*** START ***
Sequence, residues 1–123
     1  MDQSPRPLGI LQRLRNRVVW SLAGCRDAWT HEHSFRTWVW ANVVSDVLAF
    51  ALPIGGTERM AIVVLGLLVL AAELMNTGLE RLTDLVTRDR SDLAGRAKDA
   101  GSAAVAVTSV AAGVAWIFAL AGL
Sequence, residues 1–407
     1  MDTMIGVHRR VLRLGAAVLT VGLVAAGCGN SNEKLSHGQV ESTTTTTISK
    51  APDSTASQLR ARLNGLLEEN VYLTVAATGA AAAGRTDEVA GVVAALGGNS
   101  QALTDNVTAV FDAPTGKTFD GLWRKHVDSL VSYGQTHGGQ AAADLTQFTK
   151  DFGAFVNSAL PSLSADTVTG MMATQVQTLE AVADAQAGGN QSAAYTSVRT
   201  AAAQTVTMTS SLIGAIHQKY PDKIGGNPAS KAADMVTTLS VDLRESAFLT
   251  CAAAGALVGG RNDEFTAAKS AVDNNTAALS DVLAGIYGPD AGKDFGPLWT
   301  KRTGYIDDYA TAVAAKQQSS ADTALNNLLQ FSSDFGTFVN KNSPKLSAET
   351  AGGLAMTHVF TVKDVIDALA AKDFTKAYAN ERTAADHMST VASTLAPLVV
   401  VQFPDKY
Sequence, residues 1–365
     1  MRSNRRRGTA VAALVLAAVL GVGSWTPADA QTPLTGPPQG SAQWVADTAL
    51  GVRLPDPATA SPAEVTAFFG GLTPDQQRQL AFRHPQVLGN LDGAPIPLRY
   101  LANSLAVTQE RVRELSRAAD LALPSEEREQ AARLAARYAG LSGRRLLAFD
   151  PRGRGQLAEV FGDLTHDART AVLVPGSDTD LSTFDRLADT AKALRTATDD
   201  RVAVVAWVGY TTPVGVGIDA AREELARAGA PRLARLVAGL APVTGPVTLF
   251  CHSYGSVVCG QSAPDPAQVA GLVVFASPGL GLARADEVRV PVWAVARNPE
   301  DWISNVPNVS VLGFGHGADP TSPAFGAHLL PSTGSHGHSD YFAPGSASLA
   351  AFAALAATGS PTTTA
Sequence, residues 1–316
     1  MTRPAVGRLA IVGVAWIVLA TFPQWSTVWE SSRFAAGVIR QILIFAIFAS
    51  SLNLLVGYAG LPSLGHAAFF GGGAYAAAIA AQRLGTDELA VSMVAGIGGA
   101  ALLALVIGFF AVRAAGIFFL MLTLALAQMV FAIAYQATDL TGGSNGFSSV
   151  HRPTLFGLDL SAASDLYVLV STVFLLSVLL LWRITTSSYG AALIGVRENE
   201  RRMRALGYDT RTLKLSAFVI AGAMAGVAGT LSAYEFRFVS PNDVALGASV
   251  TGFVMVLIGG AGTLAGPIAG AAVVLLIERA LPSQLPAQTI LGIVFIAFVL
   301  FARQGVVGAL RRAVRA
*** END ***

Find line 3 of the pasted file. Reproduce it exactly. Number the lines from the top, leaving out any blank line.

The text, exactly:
    51  ALPIGGTERM AIVVLGLLVL AAELMNTGLE RLTDLVTRDR SDLAGRAKDA